Wednesday, 4 April 2012

Epigenetics in Developmental Genes

Epigenetics in Developmental Genes

Intuitively, if gene expression is considered, it is easily realised that there is more at work than just DNA.  New perspectives have been created with the advancement in epigenetics. 
Epigenetics can basically be summed up as the study of changes in heritable gene expression, without alterations in the DNA sequence.  The causes of these changes have been found to be non-genetic mechanisms such as DNA methylation, histone modifications, chromatin condensation and small RNA’s. 

Epigenetics are able to regulate gene expression and are not surprisingly quite central to development and cellular differentiation (specialised function).  An interesting yet crucial side note, is that epigenetic modifications are actually reversible even if that modification has been apparent through several generations.  The reversibility is due to the fact that the modification appeared in the first place in response to an environmental cue.  An interesting group of genes which have been placed under extensive study are Hox genes.  The importance of these genes are deeply rooted in the fact that under epigenetic regulation, they are responsible for embryo development and stem cell differentiation. 

A characteristic of Hox genes are that they have collinear expression.  This means that within a Hox cluster, genes which are located in a more 3’ region will be activated earlier and in front of genes which are located in a more 5’ region.  This expression can be attributed to the epigenetic mechanism of a unidirectional chromatin opening from 3’ to 5’.  If this expression of Hox genes is disturbed, the order of development will be altered often leaving development incomplete.  An example of this can be seen in embryonic development, where if the expression of Hoxa3 gene is disturbed, the cells of the neural crest will not differentiate sufficiently and, thus the thymus is unable to form. So it can be clearly seen, how central epigenetic mechanisms are to the normal development and differentiation of cells.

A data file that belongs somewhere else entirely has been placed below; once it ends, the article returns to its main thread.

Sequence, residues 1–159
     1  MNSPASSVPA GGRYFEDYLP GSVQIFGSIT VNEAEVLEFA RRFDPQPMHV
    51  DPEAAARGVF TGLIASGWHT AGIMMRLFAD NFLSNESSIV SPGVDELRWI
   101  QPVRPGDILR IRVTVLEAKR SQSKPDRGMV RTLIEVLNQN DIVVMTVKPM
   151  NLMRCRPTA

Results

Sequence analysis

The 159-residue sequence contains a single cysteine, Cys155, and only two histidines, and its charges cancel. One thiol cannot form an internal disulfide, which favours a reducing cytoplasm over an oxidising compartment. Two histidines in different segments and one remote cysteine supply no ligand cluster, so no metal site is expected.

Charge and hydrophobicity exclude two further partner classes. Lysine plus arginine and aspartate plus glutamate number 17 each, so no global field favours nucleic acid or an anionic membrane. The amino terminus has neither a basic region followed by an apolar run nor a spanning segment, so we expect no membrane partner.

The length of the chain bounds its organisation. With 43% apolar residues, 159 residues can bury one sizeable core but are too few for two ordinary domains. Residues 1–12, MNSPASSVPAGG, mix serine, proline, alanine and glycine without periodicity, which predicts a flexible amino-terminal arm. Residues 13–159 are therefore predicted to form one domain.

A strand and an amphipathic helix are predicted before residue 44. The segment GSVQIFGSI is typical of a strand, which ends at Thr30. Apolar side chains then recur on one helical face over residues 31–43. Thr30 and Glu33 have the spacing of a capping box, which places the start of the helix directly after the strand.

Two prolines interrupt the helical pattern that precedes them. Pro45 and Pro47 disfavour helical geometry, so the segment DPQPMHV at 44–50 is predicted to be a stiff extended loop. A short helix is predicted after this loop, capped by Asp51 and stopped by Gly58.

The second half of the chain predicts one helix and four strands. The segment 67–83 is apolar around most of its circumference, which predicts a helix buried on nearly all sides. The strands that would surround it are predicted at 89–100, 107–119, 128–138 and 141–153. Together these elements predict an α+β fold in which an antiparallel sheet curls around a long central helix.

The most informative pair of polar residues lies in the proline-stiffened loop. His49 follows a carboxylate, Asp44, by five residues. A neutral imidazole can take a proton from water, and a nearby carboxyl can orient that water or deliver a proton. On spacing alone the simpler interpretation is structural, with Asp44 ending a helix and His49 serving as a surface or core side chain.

The finding in epigenetics which has the most potential in a medical realm is that even if environmental cues are absent, the epigenetic mechanisms continue.  So it is quite obvious that an isolated cell contains epigenetic memory, which in turn allows genes such as Hox genes to create identical stem cells in vitro. 

It is clear how the cellular identity is, in fact, controlled by the epigenetic mechanisms, especially considering that the DNA sequence is the same for every cell. Future applications with increased study in the area of epigenetics in developmental genes, such as Hox genes, are immense.   Gene expressions have a particular profile or pattern (as epigenetics are heritable) which provides the cell with a positional identity, which is a necessary epigenetic cue for the differentiation of the cell.  For this reason when stem cells are produced in vitro, the characteristics of the lineage will be present.  In order to successfully accommodate stem cell transplants to host tissues, the gene profiles must be matched.  Research has already commenced for finding the answer to profile matching, and currently lies in trying to mimic the positional cues needed for the correct epigenetic responses to occur. This would allow for the production of cells which could replace any damaged or absent tissues in a host.

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